Meanwhile, the Israeli government has just approved a law that imposes a 20-year jail sentence on anyone who throws stones (at soldiers, military tanks or settlers). The “perpetrators” in this scenario would be mostly children and teenagers, which means incarcerating and depriving a generation of their young adulthood. This begs the questions: would this law apply to settlers who live in illegal colonies on the West Bank and who, indiscriminately and often without cause, throw stones at and harass Palestinian children? And if it is argued that, yes, they would apply, would they ever be enforced? Yesh Din, an Israeli organization of Volunteers for Human Rights, publishes documented reports of non-enforcement of Israeli laws upon settlers and soldiers who abuse or harm Palestinians in the Occupied Palestinian Territories.

That leaves us with the question of the role and the purpose of our being here. First and foremost, we are constantly reminded of our Christian vocation as peacemakers. We believe this is best expressed primarily through “critical presence.”  Our faith requires us always to listen to the genuine concerns of Palestinians and Israelis. An active faith demands that we accompany our fellow Christians in witness to the love of God of all people and to practice that love ourselves even when it is challenging to do so. And, as the Spirit gives occasion and utterance, to “speak the truth in love.”

We have just concluded an international, intergenerational Christian interdisciplinary academic conference in which some 52 Middle Eastern and international professors, scholars, researchers, strategists, media executives and postgraduate students took part.  The conference theme was “Shifting Identities: Changes in the Political, Social and Religious Structures in the Arab World.” Participants included law professors, legislators, political scientists, sociologists, theologians, and Middle East/interregional program executives of church denominations and ecumenical structures.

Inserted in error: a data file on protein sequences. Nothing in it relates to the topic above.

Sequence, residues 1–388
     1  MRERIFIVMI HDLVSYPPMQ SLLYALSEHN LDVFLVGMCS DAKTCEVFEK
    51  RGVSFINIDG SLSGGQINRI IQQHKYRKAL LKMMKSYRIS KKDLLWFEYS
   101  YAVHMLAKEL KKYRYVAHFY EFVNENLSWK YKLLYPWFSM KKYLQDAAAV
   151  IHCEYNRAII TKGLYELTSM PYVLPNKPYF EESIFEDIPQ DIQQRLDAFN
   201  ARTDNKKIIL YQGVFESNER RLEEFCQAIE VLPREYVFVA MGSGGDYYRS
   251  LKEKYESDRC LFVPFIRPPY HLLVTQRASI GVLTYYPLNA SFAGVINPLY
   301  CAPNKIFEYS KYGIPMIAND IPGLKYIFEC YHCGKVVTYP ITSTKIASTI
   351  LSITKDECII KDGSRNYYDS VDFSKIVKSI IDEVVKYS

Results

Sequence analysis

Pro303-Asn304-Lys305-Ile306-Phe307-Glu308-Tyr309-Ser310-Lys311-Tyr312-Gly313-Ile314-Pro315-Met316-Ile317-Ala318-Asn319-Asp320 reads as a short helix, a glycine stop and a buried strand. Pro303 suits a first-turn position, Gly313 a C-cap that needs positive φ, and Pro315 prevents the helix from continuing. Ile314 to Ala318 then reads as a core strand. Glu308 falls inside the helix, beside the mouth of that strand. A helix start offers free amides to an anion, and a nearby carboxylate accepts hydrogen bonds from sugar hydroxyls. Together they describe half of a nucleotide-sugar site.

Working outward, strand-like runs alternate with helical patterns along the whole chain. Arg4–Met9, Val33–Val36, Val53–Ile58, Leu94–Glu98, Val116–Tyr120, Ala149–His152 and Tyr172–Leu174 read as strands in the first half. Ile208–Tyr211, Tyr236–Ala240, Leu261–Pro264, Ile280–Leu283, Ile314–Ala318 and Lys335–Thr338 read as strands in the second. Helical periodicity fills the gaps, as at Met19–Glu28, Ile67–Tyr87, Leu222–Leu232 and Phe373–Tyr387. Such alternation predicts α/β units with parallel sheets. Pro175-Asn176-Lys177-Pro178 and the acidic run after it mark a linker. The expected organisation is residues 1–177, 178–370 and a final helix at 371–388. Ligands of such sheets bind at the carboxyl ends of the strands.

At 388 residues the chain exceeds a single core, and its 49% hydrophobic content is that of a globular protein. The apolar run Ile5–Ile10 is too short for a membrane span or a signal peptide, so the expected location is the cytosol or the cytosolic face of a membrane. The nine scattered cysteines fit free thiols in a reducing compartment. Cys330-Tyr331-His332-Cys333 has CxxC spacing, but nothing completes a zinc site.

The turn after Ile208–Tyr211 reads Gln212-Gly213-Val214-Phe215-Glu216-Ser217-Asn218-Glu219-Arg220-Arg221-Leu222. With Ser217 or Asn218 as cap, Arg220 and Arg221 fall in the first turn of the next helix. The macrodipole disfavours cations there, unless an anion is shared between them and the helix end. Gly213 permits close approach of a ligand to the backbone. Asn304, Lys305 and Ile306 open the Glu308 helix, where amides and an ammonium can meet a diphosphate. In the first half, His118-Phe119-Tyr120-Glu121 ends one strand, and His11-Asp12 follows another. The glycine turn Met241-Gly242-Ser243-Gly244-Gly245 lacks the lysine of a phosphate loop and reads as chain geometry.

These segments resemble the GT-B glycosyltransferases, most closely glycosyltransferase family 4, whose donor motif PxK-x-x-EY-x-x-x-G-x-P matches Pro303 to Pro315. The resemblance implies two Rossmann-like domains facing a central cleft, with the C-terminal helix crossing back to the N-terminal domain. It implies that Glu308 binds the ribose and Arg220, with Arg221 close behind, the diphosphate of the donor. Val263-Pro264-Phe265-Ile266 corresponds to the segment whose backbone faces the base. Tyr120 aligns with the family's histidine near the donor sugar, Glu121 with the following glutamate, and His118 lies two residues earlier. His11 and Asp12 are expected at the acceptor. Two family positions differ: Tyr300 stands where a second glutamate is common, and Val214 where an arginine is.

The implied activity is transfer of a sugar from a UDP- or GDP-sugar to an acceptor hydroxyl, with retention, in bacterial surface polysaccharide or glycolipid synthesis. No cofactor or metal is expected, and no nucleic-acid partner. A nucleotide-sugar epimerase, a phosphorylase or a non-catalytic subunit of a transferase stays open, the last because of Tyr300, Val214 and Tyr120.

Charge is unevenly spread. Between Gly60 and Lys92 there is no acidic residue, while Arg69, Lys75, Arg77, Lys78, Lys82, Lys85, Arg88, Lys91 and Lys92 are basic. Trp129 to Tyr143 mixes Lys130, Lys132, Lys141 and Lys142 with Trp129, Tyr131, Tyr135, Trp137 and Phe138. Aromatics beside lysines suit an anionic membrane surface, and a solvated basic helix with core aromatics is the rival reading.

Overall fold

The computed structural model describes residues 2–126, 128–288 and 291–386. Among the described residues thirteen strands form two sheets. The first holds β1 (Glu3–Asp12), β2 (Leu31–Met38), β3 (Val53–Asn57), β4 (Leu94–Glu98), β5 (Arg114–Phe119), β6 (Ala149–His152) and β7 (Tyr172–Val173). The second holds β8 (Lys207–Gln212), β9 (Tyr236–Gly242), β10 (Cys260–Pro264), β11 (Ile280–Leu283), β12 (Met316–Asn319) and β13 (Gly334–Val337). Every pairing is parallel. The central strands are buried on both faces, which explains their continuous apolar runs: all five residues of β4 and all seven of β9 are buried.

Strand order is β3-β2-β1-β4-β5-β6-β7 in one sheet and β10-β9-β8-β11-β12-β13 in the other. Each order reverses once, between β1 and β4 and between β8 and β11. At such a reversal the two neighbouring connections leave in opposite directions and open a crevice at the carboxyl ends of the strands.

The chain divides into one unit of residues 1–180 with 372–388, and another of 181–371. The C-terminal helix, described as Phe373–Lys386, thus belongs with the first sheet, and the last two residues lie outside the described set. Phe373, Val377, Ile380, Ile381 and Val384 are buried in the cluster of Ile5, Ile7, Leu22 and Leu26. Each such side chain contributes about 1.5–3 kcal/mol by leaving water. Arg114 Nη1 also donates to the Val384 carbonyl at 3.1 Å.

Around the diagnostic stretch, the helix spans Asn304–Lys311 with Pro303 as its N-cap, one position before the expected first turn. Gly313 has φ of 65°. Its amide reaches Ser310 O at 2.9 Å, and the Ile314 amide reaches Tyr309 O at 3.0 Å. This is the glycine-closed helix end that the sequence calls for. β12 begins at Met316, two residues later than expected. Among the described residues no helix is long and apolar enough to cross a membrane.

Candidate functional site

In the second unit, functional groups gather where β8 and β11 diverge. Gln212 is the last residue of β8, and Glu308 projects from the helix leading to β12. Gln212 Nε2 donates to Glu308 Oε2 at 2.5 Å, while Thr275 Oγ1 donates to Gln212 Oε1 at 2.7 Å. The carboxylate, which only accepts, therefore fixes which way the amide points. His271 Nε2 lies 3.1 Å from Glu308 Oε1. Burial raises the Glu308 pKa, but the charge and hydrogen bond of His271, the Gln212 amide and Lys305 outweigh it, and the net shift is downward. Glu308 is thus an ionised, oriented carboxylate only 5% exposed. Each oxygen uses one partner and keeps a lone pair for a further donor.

Why academics? In the Arab world, academics are freer to express their analyses without calculating too cautiously their negative consequences. The conference was another step forward in the progress made following Diyar Consortium’s formation of the Christian Academic Forum for Citizenship in the Arab World (CAFCAW) and the publication of its document titled “From the Nile to the Euphrates: The Call of Faith and Citizenship.” This identifies ten critical challenges that confront the Arab world today and publishes a Statement of Commitment on the part of Christians to engage in proactive efforts toward the reform and renewal of societies to assure the rule of law, the full rights of all citizens, the preservation of sanctity and dignity of life and the enhancement of its quality for all persons.  (You may download the full text of this 26-page document at